A taste of honey
A day in the life of Denny, the bee wrangler
Summer country life means "the easy life" according to some, but living in rural areas necessitates discipline and focus for projects outside of the workplace that keep people fulfilled. There is no shortage of things to do in Vermont. A fair number of people think outside the box, like our neighbor Denny. A veritable renaissance man, Denny is an expert wood craftsman, an inventor with a penchant for unusual gadgets and a beekeeper par excellence. His honey is snapped up very quickly whenever available. The honey is made with love and respect for the bee hives he keeps near his home. His Svengali influence keeps the bees producing; they take from local flowers and thrive on their natural environment.
A bit about the process
The hives are wooden boxes divided by means of a metal grid into an upper (honey) chamber and a lower (brood) chamber. Just above the floor and above the grid are racks of horizontal metal bars. Frames that hold the hanging honeycombs slide onto the racks.
An average bee colony produces approximately 35 lb (15.8 kgs) of honey each year. Colonies are divided by a three-tier organization of labor: 50,000-70,000 workers, one queen, and 2,000 drones. Worker bees only live for three to six weeks, each one collecting about one teaspoon of nectar. One pound (0.454 kg)of honey requires 4 lb (1.8 kg) of nectar, which requires two million flowers to collect.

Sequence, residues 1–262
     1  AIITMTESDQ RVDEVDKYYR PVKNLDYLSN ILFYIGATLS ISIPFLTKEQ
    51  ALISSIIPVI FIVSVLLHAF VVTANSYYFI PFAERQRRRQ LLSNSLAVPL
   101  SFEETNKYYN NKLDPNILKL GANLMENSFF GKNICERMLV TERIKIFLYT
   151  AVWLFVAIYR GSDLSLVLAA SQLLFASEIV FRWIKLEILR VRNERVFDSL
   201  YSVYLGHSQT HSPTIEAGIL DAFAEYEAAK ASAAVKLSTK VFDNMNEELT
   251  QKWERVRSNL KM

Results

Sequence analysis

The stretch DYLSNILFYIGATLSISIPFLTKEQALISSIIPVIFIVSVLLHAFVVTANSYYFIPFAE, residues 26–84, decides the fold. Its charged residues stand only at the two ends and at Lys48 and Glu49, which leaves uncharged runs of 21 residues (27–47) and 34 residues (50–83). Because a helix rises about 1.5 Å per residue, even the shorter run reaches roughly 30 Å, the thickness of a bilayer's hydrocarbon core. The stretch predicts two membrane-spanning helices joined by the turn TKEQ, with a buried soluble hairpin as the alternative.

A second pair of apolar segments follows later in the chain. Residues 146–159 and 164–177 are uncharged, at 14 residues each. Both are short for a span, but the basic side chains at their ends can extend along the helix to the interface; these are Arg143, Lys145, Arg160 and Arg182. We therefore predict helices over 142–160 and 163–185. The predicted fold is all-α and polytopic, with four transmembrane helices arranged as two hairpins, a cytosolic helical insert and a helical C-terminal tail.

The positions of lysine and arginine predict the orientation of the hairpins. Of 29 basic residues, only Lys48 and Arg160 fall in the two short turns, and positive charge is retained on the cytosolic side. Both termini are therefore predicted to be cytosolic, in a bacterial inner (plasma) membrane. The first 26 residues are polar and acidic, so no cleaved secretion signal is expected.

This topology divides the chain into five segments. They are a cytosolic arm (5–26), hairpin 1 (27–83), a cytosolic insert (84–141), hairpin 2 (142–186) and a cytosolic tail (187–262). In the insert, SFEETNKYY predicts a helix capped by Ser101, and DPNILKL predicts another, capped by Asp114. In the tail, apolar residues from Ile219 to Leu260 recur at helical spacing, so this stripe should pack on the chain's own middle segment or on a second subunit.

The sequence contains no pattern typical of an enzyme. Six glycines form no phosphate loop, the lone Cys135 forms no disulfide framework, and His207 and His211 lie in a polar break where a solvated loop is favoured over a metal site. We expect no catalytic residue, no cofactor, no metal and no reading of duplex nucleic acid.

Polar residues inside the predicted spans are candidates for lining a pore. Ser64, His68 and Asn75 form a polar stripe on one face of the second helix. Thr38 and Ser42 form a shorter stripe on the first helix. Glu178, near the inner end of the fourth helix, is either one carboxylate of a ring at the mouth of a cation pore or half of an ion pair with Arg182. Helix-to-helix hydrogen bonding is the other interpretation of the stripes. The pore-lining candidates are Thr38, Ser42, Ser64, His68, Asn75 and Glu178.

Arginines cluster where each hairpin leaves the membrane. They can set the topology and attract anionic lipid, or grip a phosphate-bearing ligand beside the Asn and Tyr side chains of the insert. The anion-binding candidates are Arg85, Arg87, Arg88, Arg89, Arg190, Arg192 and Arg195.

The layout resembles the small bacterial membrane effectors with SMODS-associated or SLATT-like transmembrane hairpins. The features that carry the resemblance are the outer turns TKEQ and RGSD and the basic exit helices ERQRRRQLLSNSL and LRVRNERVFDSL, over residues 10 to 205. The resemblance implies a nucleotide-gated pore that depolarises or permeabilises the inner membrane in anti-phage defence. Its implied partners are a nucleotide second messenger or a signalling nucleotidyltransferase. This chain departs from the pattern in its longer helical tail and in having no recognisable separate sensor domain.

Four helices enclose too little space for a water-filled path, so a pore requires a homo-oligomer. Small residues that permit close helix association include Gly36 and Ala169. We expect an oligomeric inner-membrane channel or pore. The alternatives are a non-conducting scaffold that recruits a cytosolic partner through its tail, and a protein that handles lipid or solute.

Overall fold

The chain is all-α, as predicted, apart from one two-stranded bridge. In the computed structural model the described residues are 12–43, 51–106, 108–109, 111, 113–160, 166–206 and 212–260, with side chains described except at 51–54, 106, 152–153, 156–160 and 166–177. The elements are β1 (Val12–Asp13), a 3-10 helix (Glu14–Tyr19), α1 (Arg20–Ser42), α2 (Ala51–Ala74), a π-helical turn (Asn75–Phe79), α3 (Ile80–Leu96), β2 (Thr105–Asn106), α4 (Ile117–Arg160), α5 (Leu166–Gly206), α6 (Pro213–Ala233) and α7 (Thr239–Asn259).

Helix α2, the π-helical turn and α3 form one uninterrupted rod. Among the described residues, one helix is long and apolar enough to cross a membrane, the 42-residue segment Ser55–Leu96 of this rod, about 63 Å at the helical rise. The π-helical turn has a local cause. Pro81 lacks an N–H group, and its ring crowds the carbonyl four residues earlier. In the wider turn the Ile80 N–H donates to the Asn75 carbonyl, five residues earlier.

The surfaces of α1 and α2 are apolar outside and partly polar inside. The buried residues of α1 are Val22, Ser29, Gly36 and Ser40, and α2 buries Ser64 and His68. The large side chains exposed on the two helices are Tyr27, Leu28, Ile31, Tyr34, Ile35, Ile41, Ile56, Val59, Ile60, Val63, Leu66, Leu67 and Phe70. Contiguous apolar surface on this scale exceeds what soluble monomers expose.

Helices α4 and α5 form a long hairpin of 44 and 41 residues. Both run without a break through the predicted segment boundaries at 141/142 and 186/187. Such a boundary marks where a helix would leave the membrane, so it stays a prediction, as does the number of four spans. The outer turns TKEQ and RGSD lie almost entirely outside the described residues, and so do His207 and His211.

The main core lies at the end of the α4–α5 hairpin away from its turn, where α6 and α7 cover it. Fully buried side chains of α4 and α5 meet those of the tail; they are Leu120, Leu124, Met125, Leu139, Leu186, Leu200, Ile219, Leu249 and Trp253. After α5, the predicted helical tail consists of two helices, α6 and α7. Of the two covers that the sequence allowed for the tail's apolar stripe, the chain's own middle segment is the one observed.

To remove the honeycombs, the beekeeper usually dons a veiled helmet and protective gloves. On the day of my visit, Denny wore no protective wear at all. He explained that he was not removing combs and they seemed quite tame. I was still advised to wear light colored clothing and not move around too much. Of note, there are several methods for removing the combs. The beekeeper may simply sweep the bees off the combs and guide them back into the hive. Alternately, the beekeeper can inject a puff of smoke into the hive. The bees, sensing the presence of fire, gorge themselves on honey in an attempt to take as much as they can with them before fleeing. Somewhat tranquilized by engorgement, the bees are less likely to sting when the hive is opened. Another method Denny prefers is to just shake a few boxes of honeycombs and then brush the bees off with a bee brush, frame by frame. He uses a spray aptly named "BeeQuick", to shoo the bees away quickly.
Looking back at my photos, it was hard to believe I was so close to the hives and had no fear of all those crawling creatures whatsoever, partly because Denny's calm demeanor and a handy smoker. A few puffs kept them nicely sedated and safely at bay!
I took many pictures of the bees and the hives, which I hope you will enjoy. How very sweet it is...